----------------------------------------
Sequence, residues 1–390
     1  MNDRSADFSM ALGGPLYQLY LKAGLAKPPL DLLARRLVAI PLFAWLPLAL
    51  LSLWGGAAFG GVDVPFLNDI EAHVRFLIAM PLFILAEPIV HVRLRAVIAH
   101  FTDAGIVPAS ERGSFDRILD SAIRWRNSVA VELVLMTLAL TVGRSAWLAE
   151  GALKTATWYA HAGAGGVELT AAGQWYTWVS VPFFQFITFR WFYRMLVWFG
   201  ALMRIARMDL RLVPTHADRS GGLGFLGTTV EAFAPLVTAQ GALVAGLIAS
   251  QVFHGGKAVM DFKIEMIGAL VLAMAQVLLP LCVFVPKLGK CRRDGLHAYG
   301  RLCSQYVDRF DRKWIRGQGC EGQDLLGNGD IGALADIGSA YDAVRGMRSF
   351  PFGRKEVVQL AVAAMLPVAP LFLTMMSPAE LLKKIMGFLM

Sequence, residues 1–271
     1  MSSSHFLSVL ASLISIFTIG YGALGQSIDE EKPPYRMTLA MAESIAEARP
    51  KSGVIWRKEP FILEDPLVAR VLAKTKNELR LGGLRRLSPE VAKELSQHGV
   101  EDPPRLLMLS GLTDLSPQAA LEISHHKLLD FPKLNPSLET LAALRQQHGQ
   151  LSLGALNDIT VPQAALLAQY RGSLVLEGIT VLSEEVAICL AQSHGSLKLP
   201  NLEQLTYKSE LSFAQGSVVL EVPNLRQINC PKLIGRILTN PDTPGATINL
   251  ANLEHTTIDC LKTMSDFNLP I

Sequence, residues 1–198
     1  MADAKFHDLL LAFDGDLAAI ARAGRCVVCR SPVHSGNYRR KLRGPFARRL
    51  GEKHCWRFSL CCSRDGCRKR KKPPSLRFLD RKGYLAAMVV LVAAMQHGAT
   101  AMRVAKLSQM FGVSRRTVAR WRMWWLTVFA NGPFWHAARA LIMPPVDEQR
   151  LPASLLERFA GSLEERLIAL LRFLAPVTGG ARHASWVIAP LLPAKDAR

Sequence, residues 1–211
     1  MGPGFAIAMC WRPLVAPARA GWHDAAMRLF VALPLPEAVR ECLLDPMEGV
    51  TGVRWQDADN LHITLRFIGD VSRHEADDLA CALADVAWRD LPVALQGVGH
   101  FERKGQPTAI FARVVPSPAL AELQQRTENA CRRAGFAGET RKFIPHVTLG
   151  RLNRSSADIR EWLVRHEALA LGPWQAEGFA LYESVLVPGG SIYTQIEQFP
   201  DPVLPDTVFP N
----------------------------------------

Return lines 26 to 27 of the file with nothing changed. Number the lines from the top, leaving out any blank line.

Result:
   151  RLNRSSADIR EWLVRHEALA LGPWQAEGFA LYESVLVPGG SIYTQIEQFP
   201  DPVLPDTVFP N